Finding out your parents aren’t perfect is the continual process of leaving childhood behind and emerging into adulthood. Discovering that your parents are not the infallible beings you’ve always thought them to be is somewhat disheartening. For a split second, the perfect person you’ve always envisioned them to be disappears, and you’re left with someone as just as flawed as you are. But, just like in Madeline L’Engle’s A Wrinkle In Time, we learn that life is all about the lens we view it through. When we catch a glimpse of our parents’ flaws, we realize that they were never actually perfect, but the lens we’ve always viewed them with was.
My mom is a saint. I’m not kidding, she’s nearly flawless. Incredibly giving, she’s the kindest, most selfless person I’ve ever known. Her smile is infectious, her laugh inimitable. She never gets mad; in fact, I’ve never even heard her so much as raise her voice. She’s beautiful, funny, smart, hard-working, all the things you’d ever want to be. It’s no wonder I’ve idolized her my whole life. So when she dropped the f-bomb a few months ago, let’s just say my world was rocked.
My mom’s easygoing temperament can be detected from her very speech. The woman refrains from any kind of extreme language, never mind swearing. I remember being nervous the first time I used the word “hate” in her presence. Which is why I was nearly dumbfounded when she said the F-word in front of me. Of course, it was a moment of heated frustration. Her outburst was certainly warranted. Had I been facing a similar situation, I’m sure I would have said it a lot more than just once. But at that moment, I saw my mom in a completely new light. For the first time, she seemed human to me, not this near perfect saint I’ve always envisioned her as. The fact that she let down her (long held) guard in front of me, made me feel as though we reached a new, and deeper point in our relationship. Because my mom was willing to be so vulnerable with me, she showed how much she trusts me. Sharing her imperfections allowed me to become her confidant. For the first time, she came to me with her problems and frustrations, not the other way around.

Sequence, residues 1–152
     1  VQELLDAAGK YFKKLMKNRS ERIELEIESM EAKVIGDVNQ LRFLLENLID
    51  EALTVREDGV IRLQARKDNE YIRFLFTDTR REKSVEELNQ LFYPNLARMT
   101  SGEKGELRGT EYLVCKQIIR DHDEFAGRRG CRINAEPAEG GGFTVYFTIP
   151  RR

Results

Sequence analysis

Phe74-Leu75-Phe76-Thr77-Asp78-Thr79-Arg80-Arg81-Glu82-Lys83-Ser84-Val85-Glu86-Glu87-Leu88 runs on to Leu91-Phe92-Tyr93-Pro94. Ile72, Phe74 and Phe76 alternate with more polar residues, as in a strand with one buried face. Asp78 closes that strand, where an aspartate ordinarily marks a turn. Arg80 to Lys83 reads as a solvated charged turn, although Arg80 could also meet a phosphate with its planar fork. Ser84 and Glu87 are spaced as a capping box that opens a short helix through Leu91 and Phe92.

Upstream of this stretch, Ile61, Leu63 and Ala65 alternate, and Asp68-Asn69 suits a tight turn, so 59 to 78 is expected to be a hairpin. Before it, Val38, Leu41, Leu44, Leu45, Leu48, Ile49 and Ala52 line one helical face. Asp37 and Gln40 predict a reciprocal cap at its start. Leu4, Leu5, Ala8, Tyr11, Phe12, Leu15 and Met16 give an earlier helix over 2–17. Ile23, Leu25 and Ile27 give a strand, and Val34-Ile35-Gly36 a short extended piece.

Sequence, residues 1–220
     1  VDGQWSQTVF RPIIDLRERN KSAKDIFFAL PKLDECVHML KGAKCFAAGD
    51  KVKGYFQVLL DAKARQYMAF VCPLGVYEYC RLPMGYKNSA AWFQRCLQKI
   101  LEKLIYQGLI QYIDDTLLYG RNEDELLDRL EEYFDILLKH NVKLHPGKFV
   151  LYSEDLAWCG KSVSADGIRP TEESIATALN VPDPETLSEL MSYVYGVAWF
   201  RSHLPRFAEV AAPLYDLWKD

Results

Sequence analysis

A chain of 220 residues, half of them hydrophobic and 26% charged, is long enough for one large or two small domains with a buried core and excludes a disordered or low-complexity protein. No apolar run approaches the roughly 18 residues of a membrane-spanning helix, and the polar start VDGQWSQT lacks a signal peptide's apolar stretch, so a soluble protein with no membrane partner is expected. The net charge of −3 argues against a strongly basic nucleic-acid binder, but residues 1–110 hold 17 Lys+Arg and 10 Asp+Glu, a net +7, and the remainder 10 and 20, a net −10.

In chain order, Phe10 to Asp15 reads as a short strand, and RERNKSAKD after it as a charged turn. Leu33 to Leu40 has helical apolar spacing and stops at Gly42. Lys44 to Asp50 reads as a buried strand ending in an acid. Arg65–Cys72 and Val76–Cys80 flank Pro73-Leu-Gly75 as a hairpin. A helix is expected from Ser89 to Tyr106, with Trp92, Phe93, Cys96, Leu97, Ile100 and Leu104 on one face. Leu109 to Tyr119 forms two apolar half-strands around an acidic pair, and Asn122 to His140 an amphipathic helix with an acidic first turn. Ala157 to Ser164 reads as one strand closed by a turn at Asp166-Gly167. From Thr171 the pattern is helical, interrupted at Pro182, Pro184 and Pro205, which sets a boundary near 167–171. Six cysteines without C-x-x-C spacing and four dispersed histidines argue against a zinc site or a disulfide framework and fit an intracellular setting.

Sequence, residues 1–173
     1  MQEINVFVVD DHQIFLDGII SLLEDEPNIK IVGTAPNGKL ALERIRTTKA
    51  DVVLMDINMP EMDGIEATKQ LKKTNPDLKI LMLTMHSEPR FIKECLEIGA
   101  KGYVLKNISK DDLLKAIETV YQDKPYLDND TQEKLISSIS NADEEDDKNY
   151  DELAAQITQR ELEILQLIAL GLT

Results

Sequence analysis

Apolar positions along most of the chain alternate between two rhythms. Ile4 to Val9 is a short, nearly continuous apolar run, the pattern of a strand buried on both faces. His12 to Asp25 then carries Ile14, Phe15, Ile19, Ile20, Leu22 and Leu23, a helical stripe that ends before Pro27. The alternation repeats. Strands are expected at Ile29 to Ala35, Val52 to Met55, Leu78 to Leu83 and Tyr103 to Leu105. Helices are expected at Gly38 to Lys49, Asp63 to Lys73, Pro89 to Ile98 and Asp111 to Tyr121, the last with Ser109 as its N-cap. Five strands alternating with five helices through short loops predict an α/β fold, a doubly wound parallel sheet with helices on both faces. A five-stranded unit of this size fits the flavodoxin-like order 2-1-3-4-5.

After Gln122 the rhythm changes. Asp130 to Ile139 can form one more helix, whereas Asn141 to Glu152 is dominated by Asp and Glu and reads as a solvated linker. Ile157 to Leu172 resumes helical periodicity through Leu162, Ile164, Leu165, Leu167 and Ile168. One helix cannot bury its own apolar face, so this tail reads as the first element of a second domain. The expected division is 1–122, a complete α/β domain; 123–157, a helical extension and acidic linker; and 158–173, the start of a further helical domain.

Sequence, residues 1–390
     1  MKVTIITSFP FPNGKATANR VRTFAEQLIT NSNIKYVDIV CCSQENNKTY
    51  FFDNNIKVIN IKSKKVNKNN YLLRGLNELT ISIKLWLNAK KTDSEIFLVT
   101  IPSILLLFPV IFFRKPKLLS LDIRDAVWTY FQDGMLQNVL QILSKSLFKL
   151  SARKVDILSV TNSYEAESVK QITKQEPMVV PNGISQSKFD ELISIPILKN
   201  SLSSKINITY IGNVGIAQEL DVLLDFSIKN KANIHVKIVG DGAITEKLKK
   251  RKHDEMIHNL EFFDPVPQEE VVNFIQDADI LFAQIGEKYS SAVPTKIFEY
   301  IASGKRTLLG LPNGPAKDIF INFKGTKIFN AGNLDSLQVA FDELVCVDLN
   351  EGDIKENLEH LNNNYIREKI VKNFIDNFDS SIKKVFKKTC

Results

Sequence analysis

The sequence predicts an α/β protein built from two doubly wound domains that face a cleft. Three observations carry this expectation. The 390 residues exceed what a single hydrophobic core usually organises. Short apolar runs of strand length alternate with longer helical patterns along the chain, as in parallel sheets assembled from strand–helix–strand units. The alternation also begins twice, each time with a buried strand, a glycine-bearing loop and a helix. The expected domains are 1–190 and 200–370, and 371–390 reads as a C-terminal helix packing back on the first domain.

When Meg, Calvin, and Mr. Murry need to escape from the evil grip of IT, and save Charles Wallace from permanent destruction, Meg is dumbfounded when her father does not have a solution for their problems. “You’re supposed to be able to help!” (165). Meg screams in a moment of frustration. She can’t fathom how her nearly perfect scientist of a father is just as vulnerable as she is. This moment helps Meg to see her father in a new light. She sees a flawed, human side of him that she has never seen before. But seeing this helps Meg to realize that no one, not even her incredibly smart dad, is perfect. Knowing this helps her to accept her own flaws, and embrace them as part of her being. Though she’s not the smartest, or the prettiest, she has the capability to love. And love, not intelligence or attractiveness, is the attribute she needs in order to save Charles Wallace.
Just like Meg, seeing my mom’s imperfections was jarring. But, the experience has allowed me to better accept myself and my flaws. It is empowering to know that the person you idolize most is just as flawed as you are. The love my mom and I share clouds the lens with which I view her. Her overwhelming goodness outweighs any spark of bad she might hold within. Neither she nor I is perfect, but the bond we share most certainly is.